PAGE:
What are English politics doing in a fantasy novel? Providing the back story to one of the best alternative history novels in years. The young king Edward is dying, and England’s many Protestants fear his sister Mary will ascend to throne and demand the return of Catholicism. But for Parris, it doesn’t really matter which religion gains power. Either would condemn his actions as devil worship. But the court physician is unable to control his obsession with learning everything about life and medicine, and he continues his risky autopsies right up until the moment he is brought a corpse with sand in his stomach and salt water in his veins. The man was a sailor on what seemed to be a failed expedition to edge of the world, the ship returning to harbor only to have the last survivor die. But Sinclair the alchemist sees more than dead bodies, boxes of sand, and barrels of brine. He decides to return to the island the sailors claimed to have found, and he intends Parris to go too…and an attack on the physician’s daughter Catherine by an invisible beast proves ample persuasion. But getting to the island is only half the story, and perfect worlds tend to have more than a fair share of problems.
I studied English in college, both the writing and the history, and the period this book is set in is well loved by many historians. Many alternative history stories research enough details to get by, but Quintessence was seeped in facts and attitudes that grounded the book firmly in the fifteen hundreds even as it soared off into a fantastical land of youth. There were moments where I had to forcibly stop feeling like I was reading a novel by Shakespeare. All his favorite elements were there, and the language and modes of thinking remained consistent and completely believable.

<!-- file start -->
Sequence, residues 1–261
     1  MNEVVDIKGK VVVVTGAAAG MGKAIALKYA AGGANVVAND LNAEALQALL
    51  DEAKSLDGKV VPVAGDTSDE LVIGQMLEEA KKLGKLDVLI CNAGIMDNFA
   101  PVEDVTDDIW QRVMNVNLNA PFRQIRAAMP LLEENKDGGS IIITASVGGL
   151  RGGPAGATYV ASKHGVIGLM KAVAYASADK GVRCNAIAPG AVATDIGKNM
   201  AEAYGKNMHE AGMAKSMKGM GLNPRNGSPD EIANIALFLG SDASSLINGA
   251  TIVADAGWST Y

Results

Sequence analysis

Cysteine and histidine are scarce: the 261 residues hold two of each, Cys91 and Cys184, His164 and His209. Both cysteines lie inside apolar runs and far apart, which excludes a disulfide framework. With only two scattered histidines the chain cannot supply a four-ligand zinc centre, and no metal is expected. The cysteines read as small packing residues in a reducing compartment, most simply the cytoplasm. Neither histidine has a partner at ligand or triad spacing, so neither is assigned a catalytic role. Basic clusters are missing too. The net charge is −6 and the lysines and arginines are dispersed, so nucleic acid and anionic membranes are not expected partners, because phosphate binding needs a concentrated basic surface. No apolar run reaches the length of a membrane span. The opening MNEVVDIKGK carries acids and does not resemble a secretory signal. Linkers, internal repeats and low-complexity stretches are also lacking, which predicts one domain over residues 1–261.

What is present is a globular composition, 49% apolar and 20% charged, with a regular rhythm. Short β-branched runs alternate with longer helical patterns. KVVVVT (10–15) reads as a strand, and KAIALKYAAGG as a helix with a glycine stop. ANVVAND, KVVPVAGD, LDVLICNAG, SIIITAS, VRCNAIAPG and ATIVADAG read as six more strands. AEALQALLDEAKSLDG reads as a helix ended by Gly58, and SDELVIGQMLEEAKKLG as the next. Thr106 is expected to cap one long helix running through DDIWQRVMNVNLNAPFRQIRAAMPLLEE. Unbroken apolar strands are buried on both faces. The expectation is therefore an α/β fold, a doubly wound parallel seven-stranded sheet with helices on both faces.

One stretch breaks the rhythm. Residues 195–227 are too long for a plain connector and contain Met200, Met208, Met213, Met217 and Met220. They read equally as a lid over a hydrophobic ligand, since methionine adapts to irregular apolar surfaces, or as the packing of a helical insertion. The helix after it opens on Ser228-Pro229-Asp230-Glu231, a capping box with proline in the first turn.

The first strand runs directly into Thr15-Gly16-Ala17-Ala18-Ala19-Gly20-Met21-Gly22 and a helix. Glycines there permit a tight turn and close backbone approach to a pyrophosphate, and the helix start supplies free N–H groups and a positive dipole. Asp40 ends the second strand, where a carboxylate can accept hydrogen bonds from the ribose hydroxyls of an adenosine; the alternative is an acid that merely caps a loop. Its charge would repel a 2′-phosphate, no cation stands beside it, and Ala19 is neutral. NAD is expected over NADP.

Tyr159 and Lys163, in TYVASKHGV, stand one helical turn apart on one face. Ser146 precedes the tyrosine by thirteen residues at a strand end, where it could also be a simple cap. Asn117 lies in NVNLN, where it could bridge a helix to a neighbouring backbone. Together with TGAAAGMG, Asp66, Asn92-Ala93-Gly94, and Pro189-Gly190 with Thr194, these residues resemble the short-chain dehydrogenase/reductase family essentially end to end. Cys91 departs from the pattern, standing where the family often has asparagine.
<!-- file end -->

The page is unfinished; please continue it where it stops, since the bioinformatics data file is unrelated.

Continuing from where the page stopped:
As for the fantasy plot itself, magic and science fought and complimented each other all through the pages. The attention to the little details of the flora and fauna of the island was of scientific caliber, and the creatures themselves sprang from the pages and into the imagination. Beetles that pass through walls only to be trapped in a box from a special tree, fish that turn to iron, and a sentient telepathic species of tamarin are merely wonders the characters encounter before reaching the island itself.
While the conniving Sinclair and the scientific Parris made an amazing pair of complicated foils, it was Parris’ daughter Catherine who stole the show. A young woman thirsty for knowledge and brimming over with questions, her role expanded from accidental victim to leader and explorer. Quick to keep their own council she and her friend and peer Matthew manage to get into many scrapes, but they also become invested in the island in a way the older two men never manage. In the end, it their passion rather than the knowledge and cunning of the expedition leaders that serves everyone best, lending new meaning to the term Island of Youth.